German researchers aim to make reusable EV components
In the KOSEL project, the Fraunhofer Institute IWU and partners have developed an open-source construction kit for electric vehicles that contains particularly durable and reusable modules. This should allow certain parts to be used over several vehicle life cycles.
Specifically, the project initiators have developed the basic concept for a light electric utility vehicle with a gross vehicle weight of 3.5 tonnes, whose components are entirely modular. The three main modules – front end, battery box and rear end – are connected via fixed interfaces so that they can be exchanged with little effort. The participants intend to present a demonstrator at the Hanover Fair from 17 to 21 April.
“With this closed-loop modular system, it is possible to replace individual or complete vehicle components. Consequently, the bulk of the vehicle components will have a longer service life. Repair costs are reduced, and the vehicle can be run economically for longer,” explains Patryk Nossol, a researcher in the Systems and Technologies for Textile Structures (STEX) department at Fraunhofer IWU in Zittau. The EV platform has been designed and prototyped for a service life of up to 30 years and a mileage of up to one million kilometres in changing application scenarios.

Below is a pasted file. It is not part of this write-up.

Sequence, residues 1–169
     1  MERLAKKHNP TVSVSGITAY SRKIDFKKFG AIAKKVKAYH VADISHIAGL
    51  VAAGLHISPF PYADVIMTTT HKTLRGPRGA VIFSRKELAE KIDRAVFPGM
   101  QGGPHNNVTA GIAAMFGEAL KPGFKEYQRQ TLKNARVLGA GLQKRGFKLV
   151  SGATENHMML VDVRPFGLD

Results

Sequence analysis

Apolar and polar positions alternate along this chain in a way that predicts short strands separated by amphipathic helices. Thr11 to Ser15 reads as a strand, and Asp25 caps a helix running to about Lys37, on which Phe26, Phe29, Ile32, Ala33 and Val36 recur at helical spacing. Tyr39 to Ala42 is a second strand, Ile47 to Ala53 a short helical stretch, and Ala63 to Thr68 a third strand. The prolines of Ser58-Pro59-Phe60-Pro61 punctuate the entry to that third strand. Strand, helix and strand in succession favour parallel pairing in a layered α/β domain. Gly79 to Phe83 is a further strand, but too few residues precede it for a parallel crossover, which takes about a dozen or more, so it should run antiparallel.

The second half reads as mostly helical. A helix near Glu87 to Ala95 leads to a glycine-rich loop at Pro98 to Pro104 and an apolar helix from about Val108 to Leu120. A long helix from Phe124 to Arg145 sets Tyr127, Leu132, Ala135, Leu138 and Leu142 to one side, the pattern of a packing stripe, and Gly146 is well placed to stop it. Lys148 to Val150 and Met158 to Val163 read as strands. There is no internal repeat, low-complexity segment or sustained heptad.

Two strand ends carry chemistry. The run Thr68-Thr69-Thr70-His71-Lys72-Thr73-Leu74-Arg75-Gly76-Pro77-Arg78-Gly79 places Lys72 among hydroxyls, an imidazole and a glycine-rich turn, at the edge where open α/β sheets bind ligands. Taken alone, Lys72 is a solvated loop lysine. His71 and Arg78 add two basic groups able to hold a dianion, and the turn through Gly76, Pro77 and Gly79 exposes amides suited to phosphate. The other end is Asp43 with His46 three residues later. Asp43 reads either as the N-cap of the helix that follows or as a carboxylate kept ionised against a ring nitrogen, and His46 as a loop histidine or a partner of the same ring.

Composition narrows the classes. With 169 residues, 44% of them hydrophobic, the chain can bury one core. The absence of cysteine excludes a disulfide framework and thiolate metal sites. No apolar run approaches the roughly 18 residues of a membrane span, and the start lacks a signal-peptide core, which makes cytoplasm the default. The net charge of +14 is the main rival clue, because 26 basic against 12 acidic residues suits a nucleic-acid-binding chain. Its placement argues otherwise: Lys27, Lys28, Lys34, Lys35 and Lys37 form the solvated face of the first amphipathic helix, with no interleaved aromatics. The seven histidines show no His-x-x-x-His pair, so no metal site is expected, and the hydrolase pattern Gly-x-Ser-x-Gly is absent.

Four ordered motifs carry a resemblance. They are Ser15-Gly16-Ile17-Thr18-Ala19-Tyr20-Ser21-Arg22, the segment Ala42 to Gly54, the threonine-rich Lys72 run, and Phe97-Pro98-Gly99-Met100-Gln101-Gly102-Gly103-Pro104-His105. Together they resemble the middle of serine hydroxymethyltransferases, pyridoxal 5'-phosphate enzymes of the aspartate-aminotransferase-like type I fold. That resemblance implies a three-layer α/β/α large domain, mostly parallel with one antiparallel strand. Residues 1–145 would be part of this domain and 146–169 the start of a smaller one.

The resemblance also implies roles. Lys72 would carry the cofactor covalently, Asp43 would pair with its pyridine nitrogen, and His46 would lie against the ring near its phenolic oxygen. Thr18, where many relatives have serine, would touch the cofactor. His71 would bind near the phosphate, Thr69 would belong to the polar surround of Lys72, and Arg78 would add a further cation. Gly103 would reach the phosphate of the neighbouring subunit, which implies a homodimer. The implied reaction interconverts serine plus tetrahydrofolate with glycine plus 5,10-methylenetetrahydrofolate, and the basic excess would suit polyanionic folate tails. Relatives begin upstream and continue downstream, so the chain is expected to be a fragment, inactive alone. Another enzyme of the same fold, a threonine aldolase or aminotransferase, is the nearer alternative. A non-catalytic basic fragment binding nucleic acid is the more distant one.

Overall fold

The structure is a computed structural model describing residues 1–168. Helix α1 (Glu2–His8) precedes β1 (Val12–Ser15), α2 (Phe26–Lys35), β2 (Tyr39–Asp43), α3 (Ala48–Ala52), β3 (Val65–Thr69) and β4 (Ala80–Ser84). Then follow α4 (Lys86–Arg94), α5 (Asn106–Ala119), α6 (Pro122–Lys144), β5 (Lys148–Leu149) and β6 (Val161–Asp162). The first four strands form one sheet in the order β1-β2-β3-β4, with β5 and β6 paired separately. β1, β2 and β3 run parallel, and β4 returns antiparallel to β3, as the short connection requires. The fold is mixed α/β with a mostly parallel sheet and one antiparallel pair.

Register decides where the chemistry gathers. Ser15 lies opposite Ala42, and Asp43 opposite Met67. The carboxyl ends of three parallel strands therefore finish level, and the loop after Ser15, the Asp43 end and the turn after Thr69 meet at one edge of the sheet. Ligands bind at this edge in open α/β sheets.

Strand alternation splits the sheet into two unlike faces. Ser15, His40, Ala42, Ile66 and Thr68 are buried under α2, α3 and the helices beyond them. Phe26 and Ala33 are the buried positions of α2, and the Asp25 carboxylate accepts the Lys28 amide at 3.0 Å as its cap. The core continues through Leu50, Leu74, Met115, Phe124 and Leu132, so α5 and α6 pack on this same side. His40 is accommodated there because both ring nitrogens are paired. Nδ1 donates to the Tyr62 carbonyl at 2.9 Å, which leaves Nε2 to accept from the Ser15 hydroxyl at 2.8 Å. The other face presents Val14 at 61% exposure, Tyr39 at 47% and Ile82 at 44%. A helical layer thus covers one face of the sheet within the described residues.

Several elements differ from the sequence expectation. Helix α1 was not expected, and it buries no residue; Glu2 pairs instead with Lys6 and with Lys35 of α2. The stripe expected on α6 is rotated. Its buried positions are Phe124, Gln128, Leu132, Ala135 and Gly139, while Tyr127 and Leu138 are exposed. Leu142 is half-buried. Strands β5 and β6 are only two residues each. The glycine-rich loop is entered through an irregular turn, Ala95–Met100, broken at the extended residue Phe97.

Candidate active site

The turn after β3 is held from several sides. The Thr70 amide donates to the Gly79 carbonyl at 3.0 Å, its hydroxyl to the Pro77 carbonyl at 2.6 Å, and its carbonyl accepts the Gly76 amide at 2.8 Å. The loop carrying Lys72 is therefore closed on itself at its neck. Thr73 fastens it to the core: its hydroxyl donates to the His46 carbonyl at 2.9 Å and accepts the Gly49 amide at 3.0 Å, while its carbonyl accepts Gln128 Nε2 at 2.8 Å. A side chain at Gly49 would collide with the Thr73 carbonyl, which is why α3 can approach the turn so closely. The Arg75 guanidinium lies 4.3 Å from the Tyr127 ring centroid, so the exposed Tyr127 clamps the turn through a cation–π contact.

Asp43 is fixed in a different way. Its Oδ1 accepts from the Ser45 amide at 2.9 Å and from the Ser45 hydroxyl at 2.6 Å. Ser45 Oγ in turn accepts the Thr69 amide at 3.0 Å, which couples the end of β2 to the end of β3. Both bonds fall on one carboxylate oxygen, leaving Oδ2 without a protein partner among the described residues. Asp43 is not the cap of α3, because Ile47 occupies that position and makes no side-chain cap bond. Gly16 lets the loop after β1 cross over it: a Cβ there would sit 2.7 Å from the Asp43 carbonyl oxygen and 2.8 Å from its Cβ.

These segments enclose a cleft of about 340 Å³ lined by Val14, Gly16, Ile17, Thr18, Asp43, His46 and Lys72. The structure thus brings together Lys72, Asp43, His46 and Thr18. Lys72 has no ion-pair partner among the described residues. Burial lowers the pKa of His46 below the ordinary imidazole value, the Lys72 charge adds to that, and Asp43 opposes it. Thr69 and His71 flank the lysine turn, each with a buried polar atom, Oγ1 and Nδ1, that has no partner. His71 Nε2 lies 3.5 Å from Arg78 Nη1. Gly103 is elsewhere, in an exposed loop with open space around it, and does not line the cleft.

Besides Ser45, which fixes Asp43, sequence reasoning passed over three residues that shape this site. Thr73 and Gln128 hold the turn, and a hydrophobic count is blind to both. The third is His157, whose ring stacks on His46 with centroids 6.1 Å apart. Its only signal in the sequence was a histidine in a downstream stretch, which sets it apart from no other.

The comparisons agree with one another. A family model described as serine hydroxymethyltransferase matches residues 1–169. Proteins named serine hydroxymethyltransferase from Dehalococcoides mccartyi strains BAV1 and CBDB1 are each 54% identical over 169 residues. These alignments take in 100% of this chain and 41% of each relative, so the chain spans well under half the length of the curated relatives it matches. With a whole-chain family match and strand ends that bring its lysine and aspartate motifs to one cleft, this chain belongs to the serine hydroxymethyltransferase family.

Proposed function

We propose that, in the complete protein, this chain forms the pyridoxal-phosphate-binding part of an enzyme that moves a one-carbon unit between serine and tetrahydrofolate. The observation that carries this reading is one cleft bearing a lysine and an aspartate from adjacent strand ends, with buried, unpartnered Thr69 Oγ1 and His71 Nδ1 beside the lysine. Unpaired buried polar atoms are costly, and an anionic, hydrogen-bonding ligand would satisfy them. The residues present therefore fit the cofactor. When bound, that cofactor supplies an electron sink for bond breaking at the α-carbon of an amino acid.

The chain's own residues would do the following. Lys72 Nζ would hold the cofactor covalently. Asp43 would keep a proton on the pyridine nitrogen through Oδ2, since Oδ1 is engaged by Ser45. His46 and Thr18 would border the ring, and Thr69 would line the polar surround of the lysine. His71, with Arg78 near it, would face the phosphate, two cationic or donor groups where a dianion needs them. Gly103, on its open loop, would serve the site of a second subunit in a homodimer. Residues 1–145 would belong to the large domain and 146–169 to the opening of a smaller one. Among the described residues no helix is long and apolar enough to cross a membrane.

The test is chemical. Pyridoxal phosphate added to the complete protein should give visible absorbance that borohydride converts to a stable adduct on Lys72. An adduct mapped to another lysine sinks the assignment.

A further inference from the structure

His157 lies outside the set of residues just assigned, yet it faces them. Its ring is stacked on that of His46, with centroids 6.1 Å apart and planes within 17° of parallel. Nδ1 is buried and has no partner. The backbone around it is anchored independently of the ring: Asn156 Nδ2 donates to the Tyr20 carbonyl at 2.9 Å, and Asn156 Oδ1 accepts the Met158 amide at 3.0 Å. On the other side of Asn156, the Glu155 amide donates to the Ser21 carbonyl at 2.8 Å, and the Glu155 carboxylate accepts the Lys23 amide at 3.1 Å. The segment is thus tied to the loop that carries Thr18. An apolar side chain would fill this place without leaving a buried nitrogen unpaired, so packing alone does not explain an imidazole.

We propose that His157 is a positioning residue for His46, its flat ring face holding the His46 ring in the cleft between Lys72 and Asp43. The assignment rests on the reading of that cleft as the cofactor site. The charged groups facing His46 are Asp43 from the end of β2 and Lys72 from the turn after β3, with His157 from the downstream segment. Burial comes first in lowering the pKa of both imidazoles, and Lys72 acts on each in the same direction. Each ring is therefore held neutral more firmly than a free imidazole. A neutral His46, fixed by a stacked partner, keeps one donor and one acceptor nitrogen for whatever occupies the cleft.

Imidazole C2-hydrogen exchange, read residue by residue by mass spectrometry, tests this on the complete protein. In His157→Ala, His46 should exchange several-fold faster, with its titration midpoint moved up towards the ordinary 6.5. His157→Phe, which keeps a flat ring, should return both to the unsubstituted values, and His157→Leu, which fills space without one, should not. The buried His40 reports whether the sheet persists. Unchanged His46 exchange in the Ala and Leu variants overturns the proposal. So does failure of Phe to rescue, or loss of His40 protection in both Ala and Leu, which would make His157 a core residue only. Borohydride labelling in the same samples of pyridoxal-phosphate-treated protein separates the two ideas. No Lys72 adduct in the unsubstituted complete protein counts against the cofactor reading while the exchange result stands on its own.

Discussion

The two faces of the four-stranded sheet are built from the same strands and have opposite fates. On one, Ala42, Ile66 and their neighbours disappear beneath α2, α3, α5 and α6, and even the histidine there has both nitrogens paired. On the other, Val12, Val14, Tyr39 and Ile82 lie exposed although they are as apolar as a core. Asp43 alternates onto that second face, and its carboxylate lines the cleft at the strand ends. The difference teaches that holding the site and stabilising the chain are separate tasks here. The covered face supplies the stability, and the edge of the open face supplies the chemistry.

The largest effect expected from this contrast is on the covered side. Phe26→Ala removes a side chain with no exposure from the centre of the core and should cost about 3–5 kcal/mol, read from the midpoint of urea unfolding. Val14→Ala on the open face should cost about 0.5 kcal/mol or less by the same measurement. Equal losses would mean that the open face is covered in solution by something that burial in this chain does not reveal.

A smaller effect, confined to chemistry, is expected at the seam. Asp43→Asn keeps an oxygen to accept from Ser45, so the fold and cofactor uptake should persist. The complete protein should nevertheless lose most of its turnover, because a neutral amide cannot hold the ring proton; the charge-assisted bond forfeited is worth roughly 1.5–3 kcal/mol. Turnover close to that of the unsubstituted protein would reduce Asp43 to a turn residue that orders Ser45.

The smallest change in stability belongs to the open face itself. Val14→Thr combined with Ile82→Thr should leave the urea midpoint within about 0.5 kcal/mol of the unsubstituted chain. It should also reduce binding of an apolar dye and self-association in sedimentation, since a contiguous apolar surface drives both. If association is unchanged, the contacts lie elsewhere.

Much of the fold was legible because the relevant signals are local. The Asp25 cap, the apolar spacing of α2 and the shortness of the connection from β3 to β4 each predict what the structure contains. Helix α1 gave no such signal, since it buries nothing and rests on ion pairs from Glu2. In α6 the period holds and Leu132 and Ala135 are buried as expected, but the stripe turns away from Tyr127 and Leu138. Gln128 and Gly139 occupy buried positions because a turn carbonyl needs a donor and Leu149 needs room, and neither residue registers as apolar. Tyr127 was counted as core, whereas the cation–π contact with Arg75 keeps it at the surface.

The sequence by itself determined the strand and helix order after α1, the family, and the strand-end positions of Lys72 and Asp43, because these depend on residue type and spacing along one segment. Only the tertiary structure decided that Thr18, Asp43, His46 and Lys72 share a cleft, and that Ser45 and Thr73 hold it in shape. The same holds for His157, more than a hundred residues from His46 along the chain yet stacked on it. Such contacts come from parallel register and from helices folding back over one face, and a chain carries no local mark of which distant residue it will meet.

Against this background, durable materials are important, which are mainly used in highly stressed areas that are intended for multiple reuse. The project team is focusing primarily on carbon fibre-reinforced plastics (CFRP). “Admittedly, these materials have a comparatively high CO2 footprint in production. However, when used correctly, they make up for this through their low mass and, not least, their extraordinary fatigue strength over long periods of use. CFRP is the preferred alternative when these hidden assemblies are used over more than one life cycle, as they are in this concept,” says Nossol.
The KOSEL mobility concept primarily addresses fleet vehicles with a middling number of units. The prerequisite, however, is the establishment of a circular value chain that can check individual components after the first life cycle and revise them if necessary, they say. And “the concept is intended to serve as a model and spark other similar developments in the mobility industry. Most notably, having a fully developed, closed-loop electric vehicle platform as a standard solution can reduce development costs and risks. The open-source interfaces will also make it appealing for suppliers to offer suitable standard components,” summarises the Fraunhofer Institute.